Greg Diamond: Naufrage




Greg Diamond (guitar)


Dancando Com Ale (Chasm)

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Greg Diamond (guitar),

Seamus Blake (tenor sax), Brian Hogans (saxes), Emilio Solla (piano), Edward Perez (bass), Ferenc Nemeth (drums), Arturo Stable (percussion)


Composed by Greg Diamond


Recorded: Hampton, NJ, December 9, 2007


Rating: 90/100 (learn more)

New York City jazz guitarist Greg Diamond lists his influences on MySpace. He cites Coltrane, Monk, Powell, Davis, et al. He also mentions such great Latin jazz stars as Santamaria, Pascoal and Machito. The CD's song titles also gave me the distinct impression that I was about to hear another heavy display of Latin jazz. It is a genre I can have a bit of difficulty with, to be honest with you. The overriding Latin influence that is necessarily the keystone to that music makes a lot of it sound the same to me. That's something I have to work on. But I think I can still tell good music from bad.

Well, after that worrisome preamble, I discovered that Dancando Com Ale contains straightforward progressive jazz in the mold of the iconic American influences Diamond mentioned on MySpace. There is certainly a Latin tradition percolating throughout, heard especially in Arturo Stable's percussion. But the soloing in "Naufrage" is all from the Northern jazz tradition. This makes for quite an interesting opposition. Diamond's playing is a mixture of Pat Metheny with a hint of Wes Montgomery if he had played through modern equipment. This makes sense as Metheny himself owes a lot to Montgomery. (He will gladly tell you so.) On "Naufrage," the melody strangely turns slightly mid-Eastern. Diamond uses a good amount of reverb to get his point across. This allows his arpeggios to hang in the air. His solo, presented over a Latin beat, is an impressive display of dexterity, scalar knowledge and taste. The liner notes make no distinction as to whether saxophonists Blake and Hogans appear alone or together on the cut. At any rate, there is some fine sax playing here as well. This is music conceived and played at a very high level that warrants and deserves further attention.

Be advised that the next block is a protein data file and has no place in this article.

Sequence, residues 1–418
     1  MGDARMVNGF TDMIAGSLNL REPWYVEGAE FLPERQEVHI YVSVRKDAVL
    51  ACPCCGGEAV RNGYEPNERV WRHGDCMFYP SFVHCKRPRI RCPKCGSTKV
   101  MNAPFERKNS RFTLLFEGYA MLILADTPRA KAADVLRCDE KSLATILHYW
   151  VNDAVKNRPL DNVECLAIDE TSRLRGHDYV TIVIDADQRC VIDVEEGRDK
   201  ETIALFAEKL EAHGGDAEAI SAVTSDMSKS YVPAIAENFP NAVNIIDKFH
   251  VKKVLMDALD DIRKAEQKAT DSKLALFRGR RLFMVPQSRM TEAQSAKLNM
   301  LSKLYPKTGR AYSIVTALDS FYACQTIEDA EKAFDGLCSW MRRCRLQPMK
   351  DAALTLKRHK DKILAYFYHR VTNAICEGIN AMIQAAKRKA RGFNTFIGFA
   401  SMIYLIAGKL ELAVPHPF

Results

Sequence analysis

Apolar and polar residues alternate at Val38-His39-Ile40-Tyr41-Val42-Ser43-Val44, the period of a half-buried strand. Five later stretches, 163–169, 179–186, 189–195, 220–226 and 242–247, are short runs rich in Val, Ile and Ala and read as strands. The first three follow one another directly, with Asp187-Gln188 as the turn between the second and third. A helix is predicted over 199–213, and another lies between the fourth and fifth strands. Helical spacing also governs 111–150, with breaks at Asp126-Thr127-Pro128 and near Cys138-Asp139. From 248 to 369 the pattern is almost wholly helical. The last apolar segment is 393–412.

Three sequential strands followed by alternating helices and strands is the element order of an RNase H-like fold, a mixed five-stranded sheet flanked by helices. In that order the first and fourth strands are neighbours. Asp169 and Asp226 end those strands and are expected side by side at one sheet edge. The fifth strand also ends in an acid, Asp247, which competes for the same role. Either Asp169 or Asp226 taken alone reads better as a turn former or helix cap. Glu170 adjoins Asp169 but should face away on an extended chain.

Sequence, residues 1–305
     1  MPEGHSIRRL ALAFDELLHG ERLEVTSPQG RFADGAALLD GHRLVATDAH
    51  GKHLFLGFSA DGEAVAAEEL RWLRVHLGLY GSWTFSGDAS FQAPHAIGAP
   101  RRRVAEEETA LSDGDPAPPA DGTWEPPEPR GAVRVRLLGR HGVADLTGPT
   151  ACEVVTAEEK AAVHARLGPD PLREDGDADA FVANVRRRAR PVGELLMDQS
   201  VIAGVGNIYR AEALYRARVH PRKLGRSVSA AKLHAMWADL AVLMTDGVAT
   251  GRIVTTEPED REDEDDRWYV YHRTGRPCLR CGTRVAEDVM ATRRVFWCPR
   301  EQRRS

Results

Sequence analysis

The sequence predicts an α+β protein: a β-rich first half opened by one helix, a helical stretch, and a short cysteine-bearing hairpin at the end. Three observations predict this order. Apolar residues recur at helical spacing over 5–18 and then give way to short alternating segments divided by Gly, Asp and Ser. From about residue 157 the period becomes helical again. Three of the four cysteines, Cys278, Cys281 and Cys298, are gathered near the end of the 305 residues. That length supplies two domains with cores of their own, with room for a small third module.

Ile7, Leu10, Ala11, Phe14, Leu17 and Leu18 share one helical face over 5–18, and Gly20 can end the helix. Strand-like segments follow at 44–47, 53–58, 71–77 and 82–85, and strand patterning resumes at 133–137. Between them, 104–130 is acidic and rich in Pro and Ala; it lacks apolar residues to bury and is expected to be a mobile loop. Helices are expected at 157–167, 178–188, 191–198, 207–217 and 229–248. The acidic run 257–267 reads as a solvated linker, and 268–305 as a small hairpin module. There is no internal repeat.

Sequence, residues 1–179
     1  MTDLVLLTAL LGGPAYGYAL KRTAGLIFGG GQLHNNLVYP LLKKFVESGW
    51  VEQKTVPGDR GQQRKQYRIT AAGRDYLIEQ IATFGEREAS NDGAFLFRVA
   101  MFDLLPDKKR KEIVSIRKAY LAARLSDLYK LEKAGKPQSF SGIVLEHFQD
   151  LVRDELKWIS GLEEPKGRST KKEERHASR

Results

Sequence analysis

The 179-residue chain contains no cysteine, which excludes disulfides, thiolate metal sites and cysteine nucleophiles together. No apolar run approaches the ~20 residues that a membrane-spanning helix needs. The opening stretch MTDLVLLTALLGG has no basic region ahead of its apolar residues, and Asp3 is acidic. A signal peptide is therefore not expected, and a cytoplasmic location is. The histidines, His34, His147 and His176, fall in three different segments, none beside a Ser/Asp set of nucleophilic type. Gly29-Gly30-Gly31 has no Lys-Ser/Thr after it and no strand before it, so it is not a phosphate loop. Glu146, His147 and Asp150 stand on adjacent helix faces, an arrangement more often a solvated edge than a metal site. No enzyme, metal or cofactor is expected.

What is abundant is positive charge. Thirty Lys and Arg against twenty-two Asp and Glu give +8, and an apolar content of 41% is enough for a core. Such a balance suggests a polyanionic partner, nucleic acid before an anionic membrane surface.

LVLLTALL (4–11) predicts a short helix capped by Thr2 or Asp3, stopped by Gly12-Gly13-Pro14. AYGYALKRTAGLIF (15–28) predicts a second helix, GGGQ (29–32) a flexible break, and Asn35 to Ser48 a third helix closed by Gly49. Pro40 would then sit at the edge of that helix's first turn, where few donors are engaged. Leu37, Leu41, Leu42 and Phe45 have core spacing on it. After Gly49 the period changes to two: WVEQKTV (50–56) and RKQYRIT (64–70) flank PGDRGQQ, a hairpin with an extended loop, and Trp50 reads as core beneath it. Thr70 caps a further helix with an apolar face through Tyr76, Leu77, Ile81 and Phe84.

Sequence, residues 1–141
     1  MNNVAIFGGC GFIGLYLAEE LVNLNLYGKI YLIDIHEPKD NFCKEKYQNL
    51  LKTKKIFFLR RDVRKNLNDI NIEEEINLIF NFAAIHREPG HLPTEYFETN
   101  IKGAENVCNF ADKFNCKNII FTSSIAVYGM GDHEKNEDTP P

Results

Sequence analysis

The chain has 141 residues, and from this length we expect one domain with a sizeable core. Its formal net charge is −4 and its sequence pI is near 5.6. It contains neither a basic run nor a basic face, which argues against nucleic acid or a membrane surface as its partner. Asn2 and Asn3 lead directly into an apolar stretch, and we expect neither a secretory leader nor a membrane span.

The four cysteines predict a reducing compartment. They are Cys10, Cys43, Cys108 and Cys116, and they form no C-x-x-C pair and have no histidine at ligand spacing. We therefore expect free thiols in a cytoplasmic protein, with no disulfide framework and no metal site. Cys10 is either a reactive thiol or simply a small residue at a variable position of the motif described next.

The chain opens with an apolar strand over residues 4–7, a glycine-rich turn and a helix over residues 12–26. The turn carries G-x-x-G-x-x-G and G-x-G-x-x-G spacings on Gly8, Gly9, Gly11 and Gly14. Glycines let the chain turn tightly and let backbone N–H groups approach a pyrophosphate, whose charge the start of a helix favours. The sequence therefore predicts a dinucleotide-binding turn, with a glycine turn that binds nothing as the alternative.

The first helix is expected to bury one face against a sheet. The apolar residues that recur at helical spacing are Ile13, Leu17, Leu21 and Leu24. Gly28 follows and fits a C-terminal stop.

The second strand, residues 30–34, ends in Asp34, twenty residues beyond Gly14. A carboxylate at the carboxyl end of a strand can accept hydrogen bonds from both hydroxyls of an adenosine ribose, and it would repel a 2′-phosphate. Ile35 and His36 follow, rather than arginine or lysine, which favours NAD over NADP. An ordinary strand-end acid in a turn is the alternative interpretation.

One of the best things you can say about music is that it surprised you. I am used to hearing a lot of good musicians. There are so many. So it was not unexpected that this music is good. But I was still surprised because I was thrown off by the song titles. I should've known better than to judge a CD by its playlist.

Reviewer: Walter Kolosky

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